Solar[edit | edit source]

Improving the lives of rural village communities in Nepal[edit | edit source]

Brad Hiller
March to June, 2007

For those unfamiliar with Nepal, it is a small landlocked country in Central Asia. It is often referred to as the ‘roof’ of the world as it contains 8 of 10 of the world’s highest mountain peaks, including the highest of them all, Mount Everest. Although the landscape is dominated by the Himalayan Mountain Range, which spans the country from east to west, in the south it comprises significant areas of fertile, humid grasslands, savannahs and forests, known collectively as the Terai. The country is best-known for its tourism, wild-life and cultural richness. However, in recent times Nepal has experienced significant political and civil instability, much of which seems to have stemmed from the disillusioned rural poor struggling for greater provision of basic infrastructure and services. This lack of basic facilities was highly evident in the remote Humla Province, where I was posted for 2.5 months.
Brad Hiller installing solar lights in a village home

The Humla Province is located in the extreme north-west of Nepal, close to the Tibet Autonomous Region. It has recently been identified as the second-poorest of the 75 provinces in Nepal, which itself has been referred to as the poorest country in Asia. Essentially, Humla is accessible only by light aircraft, as it is reportedly 16-days hike from the nearest vehicle road. This isolation, coupled with just 1% of the province containing arable land, leads to enormous challenges for the locals and any organizations working in the region. One organisation taking on that challenge is that to which I was seconded; a local non-government organisation called Rural Integrated Development Services Nepal (RIDS-Nepal). RIDS-Nepal, as the name suggests, has adopted an integrated approach to improving the lives of remote rural village communities. RIDS-Nepal began with a four-pronged program targeting the essentials of water source / supply; sanitation; smokeless indoor stoves and indoor lighting. The success of the base program has led to recent expansion into other areas such as non-formal education; nutrition; health posts; greenhouses and solar dryers. RIDS-Nepal’s success can be largely attributed to its pragmatic approach to problem-solving and its philosophy to develop appropriate solutions in the appropriate context to address local problems. This has been coupled with the establishment, and ongoing maintenance, of sound relationships with local village communities and a good record of delivering effective projects and programs in a timely manner despite a myriad of challenges.

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Villagers carrying their solar modules
I was very fortunate to become involved in a number of different aspects of RIDS-Nepal’s projects. I initially participated in research activities based at Kathmandu University before venturing into field activities based out of the High Altitude Research Station (HARS) in the Humla Province. In conjunction with local staff, we conducted a range of field investigations on areas ranging from water source / supply and indoor air pollution to waste management and lighting installation. We also conducted surveys and gathered data for inclusion in an Australian National University dissertation and other nutritional studies. We coordinated capacity building at the research station through the development of project management templates and program measurement templates; informal classes and training workshops. Although my time was limited, I believe that we were able to achieve some immediate tangible results as well as helping to lay the foundations for longer term success.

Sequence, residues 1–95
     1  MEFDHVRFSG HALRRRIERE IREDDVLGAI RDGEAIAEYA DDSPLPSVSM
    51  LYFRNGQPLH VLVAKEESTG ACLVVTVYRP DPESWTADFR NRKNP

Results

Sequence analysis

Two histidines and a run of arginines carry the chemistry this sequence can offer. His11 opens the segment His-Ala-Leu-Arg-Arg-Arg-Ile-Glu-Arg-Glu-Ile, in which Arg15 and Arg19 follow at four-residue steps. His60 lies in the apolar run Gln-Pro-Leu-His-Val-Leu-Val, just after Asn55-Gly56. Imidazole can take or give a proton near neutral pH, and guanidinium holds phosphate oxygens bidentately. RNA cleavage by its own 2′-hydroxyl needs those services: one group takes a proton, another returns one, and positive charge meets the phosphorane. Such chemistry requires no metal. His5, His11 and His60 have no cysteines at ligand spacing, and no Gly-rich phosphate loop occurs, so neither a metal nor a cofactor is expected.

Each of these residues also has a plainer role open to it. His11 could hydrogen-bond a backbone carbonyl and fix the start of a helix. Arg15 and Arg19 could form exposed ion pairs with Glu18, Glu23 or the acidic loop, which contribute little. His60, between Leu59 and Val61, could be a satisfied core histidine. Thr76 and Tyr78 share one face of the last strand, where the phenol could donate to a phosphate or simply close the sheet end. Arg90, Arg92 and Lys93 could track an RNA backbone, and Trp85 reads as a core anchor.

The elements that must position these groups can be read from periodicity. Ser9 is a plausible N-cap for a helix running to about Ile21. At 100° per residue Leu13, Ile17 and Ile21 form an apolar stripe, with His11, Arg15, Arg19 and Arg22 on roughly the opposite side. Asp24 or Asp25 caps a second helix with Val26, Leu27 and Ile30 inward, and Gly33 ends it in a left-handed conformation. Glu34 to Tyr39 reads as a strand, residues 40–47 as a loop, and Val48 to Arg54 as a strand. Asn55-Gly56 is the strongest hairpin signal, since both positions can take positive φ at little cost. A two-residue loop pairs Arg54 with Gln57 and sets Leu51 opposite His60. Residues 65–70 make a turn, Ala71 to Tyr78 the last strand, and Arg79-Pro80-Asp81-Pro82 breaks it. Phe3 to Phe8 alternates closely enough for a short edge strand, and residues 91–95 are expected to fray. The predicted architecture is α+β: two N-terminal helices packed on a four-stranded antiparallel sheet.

There were countless challenges associated with the Humla posting, ranging from eating only 2 meals per day (the same food for breakfast and dinner) and sleeping in village stables, to hiking for up to 8 hours per day in addition to conducting work activities. However, the occasional struggles were always compensated by the spectacular Himalayan landscape and the enduring friendliness and hospitality of the local people. The seasonal nomadic nature of life in the region, due to weather conditions and traditional trading practices, and the co-existence of Hindu Nepalis and Buddhist Tibetans, were also rare occurrences to observe.

I was very grateful for the opportunity to firstly observe (and participate) in village-life, and then, with an appreciation of the confronting issues, try to promote and apply the concepts of sustainable development on a localised scale. There were certainly many intertwined economic, social (and cultural) and environmental components which needed to be considered and incorporated into any solutions that were proposed to the villagers.

A constant source of inspiration for me during my posting was that despite extreme poverty and profound daily hardship, the people of the Humla Province were generally happy and eager to become involved in the projects we were helping to facilitate. They were very willing to learn and wanted to contribute to the bettering of their communities.

I was honoured to represent EWB Australia, which is a vibrant, proactive organisation engaging in projects that are making a ‘real difference’ at the community level, both in Australia and overseas, and who also provide their volunteers great support and guidance. For anyone looking for a unique experience and an opportunity to contribute to communities in need, and all with an organisation that transcends political and commercial boundaries, EWB Australia may be for you!

Kind Regards, Brad Hiller

Dukka Sukka: Sorrow and Joy in the Kathmandu Valley[edit | edit source]

Ken Walpole
February to July, 2008


On the 8th February 2008 I left Australia to live in Nepal, working full-time as a volunteer. I'm being sponsored by Engineers Without Borders to work for an NGO

called Remote Integrated Development Services (RIDS Nepal) as an Electrical and Renewable Energy Engineer. It is a six-month posting, based in Kathmandu, working on projects that provide basic services to people living in the remote northwestern province of Humla.